And then, just when I thought I had found stability in my nomadic life—financially, emotionally and philosophically—a chicken bus ride in the often overlooked Central American country of Nicaragua shook my very foundation. But that’s how it is with the road; it jolts you when you least expect it to. I no longer remember what our destination was. All I remember was that the chicken bus, called so because people are crammed in like chickens, was more crowded than usual. It was New Year’s Eve and locals were returning home to the rural countryside. An elderly Nicaraguan lady entered the bus and placed her sack next to my feet. I felt something inside it move. I shot her a look but she ignored it. So, I politely asked her in Spanish to move it away from my feet. She picked up the bag, but it kept grazing against my shoulder. And then suddenly, something poked me. As I turned to my left, I was horrified to see three squeaking chicks gasping for air.
This incident stayed with me. The next time I stepped into a kitchen to make an omelette, I felt a sinking feeling in my stomach. I started reading up on eggs. I was heartbroken to learn about the cruelty that dairy farming entails. I slipped into a dark hole upon realising what I had been eating all this while, even though I had turned vegetarian more than a decade ago.
Thereon, began my vegan journey. One that has me striving to eliminate animal cruelty in all its unimaginable forms, from my diet and life. Being a vegan nomad might sound difficult, but the universe has somewhat magically led me to places where my vegan lifestyle has not only been welcomed, but also influenced my hosts and fellow travellers to broaden their perspective on compassionate living.
Along the way, I have made some unexpected discoveries too. Living with the indigenous Quichua people in Ecuador, I discovered that their traditional diet was vegan until the Spanish conquered them and introduced dairy. In Ethiopia, I was delighted to learn that locals follow an Orthodox form of Christianity and “give up” all animal products for almost 200 days in a year. Closer home, I have met native tribes in Odisha and Maharashtra who consume no dairy. Not even in tea, because they believe that a cow’s milk belongs to the calf.
The concept of travelling the world without a home base is hardly unknown in the West. But as an Indian, with my notorious passport and its visa restrictions, and without social security, substantial family inheritance or the experiences of any fellow Indians to fall back on, it comes with a different set of challenges.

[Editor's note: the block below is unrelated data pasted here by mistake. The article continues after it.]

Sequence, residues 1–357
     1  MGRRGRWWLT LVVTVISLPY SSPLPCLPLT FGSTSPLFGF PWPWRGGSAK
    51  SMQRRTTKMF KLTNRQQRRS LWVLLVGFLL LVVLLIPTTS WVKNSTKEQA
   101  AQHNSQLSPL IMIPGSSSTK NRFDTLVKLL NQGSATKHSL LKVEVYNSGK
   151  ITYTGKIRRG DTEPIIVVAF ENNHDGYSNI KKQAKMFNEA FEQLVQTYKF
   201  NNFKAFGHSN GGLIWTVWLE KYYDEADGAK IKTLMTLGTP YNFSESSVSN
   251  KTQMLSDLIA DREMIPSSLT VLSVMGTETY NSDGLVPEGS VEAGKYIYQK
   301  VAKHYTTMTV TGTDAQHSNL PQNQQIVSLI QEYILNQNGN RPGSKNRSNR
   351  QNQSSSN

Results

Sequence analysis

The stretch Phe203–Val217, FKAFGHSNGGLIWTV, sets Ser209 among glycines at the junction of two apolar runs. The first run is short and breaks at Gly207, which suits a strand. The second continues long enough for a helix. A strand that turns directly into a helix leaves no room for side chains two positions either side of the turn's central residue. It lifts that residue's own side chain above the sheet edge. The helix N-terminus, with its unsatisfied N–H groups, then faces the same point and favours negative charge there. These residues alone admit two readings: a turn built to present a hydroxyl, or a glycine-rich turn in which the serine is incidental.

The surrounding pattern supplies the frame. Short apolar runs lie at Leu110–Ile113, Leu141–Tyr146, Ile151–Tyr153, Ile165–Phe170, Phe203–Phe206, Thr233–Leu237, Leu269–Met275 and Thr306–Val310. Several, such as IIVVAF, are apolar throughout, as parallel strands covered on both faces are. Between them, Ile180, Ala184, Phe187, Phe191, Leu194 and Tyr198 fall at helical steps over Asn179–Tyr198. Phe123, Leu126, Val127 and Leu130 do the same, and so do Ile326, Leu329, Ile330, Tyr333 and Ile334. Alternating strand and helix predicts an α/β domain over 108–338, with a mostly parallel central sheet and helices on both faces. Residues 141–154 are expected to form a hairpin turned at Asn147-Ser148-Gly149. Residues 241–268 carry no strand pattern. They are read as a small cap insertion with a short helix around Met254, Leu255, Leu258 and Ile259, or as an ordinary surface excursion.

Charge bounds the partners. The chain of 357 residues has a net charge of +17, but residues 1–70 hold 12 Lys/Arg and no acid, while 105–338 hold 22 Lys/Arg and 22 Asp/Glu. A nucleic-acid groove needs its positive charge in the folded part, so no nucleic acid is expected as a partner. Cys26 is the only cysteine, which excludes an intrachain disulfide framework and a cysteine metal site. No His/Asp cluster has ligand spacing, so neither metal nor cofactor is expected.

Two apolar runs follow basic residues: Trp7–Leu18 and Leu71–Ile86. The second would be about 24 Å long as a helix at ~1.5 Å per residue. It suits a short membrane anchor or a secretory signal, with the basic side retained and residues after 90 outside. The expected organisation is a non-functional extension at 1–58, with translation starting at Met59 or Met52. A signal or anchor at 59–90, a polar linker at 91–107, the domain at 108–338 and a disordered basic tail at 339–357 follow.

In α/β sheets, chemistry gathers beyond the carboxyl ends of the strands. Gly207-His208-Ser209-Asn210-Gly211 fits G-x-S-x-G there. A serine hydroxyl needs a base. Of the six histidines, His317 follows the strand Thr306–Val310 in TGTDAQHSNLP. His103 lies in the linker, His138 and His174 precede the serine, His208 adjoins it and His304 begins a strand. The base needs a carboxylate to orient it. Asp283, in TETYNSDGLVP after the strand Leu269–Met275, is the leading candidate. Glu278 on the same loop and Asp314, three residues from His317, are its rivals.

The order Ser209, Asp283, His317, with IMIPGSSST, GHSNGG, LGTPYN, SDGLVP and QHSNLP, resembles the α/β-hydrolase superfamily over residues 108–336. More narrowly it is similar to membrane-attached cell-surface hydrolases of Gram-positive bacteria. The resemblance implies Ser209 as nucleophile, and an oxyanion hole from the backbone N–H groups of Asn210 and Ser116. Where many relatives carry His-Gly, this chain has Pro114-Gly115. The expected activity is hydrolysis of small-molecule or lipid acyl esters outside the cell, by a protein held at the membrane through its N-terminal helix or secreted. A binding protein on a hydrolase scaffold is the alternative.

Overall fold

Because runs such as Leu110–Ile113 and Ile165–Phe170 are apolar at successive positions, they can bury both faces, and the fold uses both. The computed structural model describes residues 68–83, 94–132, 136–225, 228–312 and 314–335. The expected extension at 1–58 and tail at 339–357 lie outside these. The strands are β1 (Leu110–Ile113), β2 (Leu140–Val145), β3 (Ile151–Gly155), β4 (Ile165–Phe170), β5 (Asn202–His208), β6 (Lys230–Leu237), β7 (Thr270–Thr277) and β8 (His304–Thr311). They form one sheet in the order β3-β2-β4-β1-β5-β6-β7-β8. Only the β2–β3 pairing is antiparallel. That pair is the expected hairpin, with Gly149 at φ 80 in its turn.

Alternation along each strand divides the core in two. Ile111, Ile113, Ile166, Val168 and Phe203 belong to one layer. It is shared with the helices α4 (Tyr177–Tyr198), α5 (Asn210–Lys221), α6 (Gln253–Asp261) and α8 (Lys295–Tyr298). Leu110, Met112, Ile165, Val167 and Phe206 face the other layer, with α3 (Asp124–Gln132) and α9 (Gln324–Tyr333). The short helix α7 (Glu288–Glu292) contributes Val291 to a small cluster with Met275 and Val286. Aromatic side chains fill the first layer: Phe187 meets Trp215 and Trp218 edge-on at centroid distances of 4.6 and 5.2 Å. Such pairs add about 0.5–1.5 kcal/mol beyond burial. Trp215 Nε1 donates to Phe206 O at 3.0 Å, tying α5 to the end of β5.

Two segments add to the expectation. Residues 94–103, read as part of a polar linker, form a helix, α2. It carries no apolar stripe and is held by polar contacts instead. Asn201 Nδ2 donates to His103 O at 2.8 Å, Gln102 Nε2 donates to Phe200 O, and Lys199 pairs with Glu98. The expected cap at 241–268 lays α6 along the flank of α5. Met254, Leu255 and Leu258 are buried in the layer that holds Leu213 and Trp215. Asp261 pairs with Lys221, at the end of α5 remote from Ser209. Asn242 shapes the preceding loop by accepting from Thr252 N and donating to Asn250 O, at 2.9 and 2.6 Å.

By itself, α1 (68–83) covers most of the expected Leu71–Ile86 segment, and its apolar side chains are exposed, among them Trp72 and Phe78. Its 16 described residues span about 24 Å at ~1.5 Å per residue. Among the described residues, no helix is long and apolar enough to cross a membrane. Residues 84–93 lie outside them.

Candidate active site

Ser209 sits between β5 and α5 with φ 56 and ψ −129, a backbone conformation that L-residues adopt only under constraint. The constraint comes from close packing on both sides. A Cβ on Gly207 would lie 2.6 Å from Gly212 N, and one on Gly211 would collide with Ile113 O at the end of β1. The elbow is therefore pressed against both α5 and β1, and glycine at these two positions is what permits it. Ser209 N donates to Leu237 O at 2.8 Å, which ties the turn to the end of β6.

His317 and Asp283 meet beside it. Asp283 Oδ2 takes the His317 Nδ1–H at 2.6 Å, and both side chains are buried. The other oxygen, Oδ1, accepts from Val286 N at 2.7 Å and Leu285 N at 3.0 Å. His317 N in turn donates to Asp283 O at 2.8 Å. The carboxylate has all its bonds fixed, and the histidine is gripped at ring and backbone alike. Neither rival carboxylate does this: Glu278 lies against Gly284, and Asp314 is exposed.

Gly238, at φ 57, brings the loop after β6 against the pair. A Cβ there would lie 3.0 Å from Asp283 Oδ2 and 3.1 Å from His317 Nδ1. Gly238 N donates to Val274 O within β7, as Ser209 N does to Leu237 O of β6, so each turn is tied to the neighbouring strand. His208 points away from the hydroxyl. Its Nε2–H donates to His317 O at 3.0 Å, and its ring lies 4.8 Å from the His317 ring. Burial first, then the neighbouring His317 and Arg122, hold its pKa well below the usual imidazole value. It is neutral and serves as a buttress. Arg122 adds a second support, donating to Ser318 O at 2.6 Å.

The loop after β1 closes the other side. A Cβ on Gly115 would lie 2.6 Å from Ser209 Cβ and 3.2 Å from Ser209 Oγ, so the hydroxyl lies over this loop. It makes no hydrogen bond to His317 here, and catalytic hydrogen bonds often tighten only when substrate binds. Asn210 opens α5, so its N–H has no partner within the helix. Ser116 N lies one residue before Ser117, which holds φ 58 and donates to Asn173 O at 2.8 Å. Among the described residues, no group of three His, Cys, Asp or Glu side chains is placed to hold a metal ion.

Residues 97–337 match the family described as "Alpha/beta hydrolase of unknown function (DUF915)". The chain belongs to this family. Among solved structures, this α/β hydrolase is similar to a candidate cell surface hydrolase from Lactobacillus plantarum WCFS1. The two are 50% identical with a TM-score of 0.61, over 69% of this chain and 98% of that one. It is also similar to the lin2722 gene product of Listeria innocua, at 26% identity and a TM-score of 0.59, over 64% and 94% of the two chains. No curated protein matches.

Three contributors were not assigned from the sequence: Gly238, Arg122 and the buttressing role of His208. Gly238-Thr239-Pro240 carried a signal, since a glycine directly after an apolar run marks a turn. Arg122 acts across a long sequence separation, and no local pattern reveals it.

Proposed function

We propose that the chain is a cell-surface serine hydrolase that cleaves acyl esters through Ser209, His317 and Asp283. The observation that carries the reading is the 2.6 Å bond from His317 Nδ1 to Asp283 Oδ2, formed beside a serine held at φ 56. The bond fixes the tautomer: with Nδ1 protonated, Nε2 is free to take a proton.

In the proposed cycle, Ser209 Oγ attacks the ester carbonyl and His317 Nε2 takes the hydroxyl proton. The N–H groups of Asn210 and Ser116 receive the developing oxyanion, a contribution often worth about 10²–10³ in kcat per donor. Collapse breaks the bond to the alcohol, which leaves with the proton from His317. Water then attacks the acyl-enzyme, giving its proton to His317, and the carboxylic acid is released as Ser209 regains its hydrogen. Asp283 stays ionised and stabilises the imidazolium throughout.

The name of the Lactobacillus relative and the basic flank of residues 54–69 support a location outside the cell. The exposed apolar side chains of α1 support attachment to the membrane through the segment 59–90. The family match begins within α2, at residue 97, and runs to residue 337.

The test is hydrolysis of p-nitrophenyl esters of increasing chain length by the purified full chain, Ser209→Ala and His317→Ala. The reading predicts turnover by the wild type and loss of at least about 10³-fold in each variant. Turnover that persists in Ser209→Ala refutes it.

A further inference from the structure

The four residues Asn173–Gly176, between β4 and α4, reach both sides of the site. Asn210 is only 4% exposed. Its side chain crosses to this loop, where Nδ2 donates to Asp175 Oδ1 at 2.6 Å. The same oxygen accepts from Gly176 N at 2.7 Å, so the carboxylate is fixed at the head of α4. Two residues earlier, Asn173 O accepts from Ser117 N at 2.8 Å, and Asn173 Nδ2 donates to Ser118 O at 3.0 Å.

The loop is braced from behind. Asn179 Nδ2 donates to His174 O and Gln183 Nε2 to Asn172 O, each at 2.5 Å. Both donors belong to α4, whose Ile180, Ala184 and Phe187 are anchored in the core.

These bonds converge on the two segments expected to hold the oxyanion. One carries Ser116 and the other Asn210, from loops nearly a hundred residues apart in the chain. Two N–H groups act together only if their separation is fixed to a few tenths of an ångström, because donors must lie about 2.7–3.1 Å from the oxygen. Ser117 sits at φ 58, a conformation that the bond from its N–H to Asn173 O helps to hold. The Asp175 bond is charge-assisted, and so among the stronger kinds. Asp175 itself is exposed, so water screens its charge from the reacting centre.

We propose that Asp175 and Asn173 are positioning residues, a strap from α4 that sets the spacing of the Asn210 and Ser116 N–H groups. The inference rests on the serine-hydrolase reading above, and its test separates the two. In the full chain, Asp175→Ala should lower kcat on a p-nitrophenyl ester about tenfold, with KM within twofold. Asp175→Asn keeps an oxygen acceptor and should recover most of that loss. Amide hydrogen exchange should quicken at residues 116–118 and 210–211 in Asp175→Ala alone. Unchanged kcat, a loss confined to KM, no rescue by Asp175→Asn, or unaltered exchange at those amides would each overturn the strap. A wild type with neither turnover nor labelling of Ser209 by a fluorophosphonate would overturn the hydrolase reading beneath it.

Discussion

Even as the road gently moulds me, somewhere deep within, I’ve felt a longing. When I brace my ailing heart to say goodbye to a place I’ve come to love, when I’m filled with adrenalin by the uncertainty of where this journey will take me next, when the soles of my feet hurt from days of travelling, when I feel my feet itch from being in the same place too long; on days good and bad, warm and cold, happy and sad, I’ve felt a quiet longing for “home”.
I was 17 when I left Dehradun, the sleepy valley I grew up in. I didn’t know it then, but that was as close as I might ever get to the illusive feeling of being home. I don’t long for the homes I have left behind but perhaps I long merely for the idea of one. Imagine my joy then when I met someone in Wales who introduced me to a Welsh word (with no direct translation in English) that exactly encapsulated this feeling. The word was hiraeth, a sense of homesickness for a home to which you cannot return, a home which maybe never was; the nostalgia, the yearning, the grief for the lost places of your past.
As a professional travel blogger, my unquenchable thirst for travel did derail offline relationships. I have had to miss momentous occasions. WhatsApp calls from halfway around the world are not nearly the same as catching up for everyday banter in a café. And although I’ve been lucky enough to foster friendships on the road, I’m also always saying goodbyes. While I’ve been able to walk away from the pressure of “settling down” and getting a “real job”, my parents still struggle with what it is that I really do. Until a few months ago, they still asked me when my holiday will finally end so I could get serious about life. I don’t blame them.
Like anyone who wants to see the world, I’ve dreamt of seeing all of it. Lingering on a little longer, a little deeper in places like South Australia, Mauritius, Turkey and Uttarakhand has allowed me to observe the little whimsies of life beyond just a shallow peek. I am slowly coming to accept that I can’t experience everything in this lifetime. But what I can, I will try to experience deeply.
In this journey, I often find inspiration in the words of poets and authors. Scottish novelist Robert Louis Stevenson is one of them. He wrote in his book Travels with a Donkey in the Cévennes, “For my part, I travel not to go anywhere, but to go. I travel for travel’s sake. The great affair is to move.”
At 23, when I quit my full-time job to travel on my own terms, I didn’t quite understand what Stevenson meant when he said he travels for travel’s sake. On the other hand, I wanted to travel for the sake of contemplating life with Tibetan monks, hiking in the majestic Andes and discovering fascinating traditions across rural India. But after four years of calling the road home, I have gradually inched closer to Stevenson’s state of mind. Even as I wrap up my time in the Slovenian Alps (we did find the Lady’s Slipper Orchid after all), I am plotting dreams of slow-travelling in Kargil and Iran. I want to continue to experience life in far off corners of the world, feel the humbling power of nature’s greatest wonders and explore dimensions of my own solitude. Yet in the bigger picture, I’m no longer yearning to find my perfect place or get to anywhere in particular. The great affair is to move.
Shivya Nath quit her corporate job for a nomadic life over three years ago. She has hitchhiked through northern Romania, lived in a nunnery in Ladakh and boarded down a volcano in Nicaragua. She tweets as @shivya.